Be Prepared:​

Please plan to be at the center for approximately three hours.

  • Please bring your glasses, your CPAP if you use one, medication list and your driver’s license (or other form of ID), insurance card and co-pay.
  • Please leave all valuables at home and wear something loose and comfortable.
  • You will not be able to drive on the day of your procedure and must have a ride home. Please let your doctor know if this is a problem.
  • Please follow the prep prescribed by your doctor. It is critical that you do not drink anything for at least four hours before your exam.

Upon Arrival:

  • Please note, any female patients under the age of 55, who have not had a hysterectomy or post menopausal (absent menses for 12 months), will be asked to provide a urine sample on the day of the procedure to rule out pregnancy. Please contact your physician’s office directly if you have any specific questions or concerns.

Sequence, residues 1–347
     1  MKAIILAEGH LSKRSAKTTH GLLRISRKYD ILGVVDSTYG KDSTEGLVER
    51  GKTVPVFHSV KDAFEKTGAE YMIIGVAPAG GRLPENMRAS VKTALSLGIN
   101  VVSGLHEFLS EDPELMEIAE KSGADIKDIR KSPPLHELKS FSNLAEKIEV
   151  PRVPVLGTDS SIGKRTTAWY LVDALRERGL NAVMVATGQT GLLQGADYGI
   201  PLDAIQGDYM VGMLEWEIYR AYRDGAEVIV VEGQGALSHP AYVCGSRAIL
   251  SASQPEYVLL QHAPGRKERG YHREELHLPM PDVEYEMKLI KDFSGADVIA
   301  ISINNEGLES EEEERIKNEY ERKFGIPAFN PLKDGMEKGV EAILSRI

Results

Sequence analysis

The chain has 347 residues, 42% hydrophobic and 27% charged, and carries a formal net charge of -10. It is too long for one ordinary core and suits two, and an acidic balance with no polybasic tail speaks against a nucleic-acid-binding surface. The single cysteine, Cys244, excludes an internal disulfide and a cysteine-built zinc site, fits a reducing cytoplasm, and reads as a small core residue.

• You will be asked to review and sign our Privacy Policy.
  • We will verify your medical history, and you will speak with our anesthesiologist.
  • You will be asked if you have a ride home as you can not drive on the day of your procedure.
  • A family member may sit with you until you go in for your exam.


What is a Gastrocopy (Upper GI Endoscopy/EGD)?

A Gastroscopy (Upper Endoscopy/EGD) is a procedure where a flexible tube that is thinner than most food you swallow is passed through your mouth into your upper digestive tract. The gastroscope has a light and a video camera on one end and the image is displayed on an external high definition video monitor. A gastroscope allows your GI doctor to examine the lining of the esophagus, stomach, and duodenum (the first portion of your small intestine).

Why is an Upper Endoscopy (Gastroscopy/EGD) performed?

A Gastroscopy (Upper Endoscopy/EGD) may be performed for a variety of reasons. A Gastroscopy (Upper Endoscopy/EGD)  is commonly used to evaluate GI symptoms such as:

  • Chronic or recurring heartburn
  • Nausea/vomiting
  • Abdominal discomfort/pain Trouble swallowing
  • Gas/bloating
  • Diarrhea
  • Black stools/anemia
  • Unexplained weight loss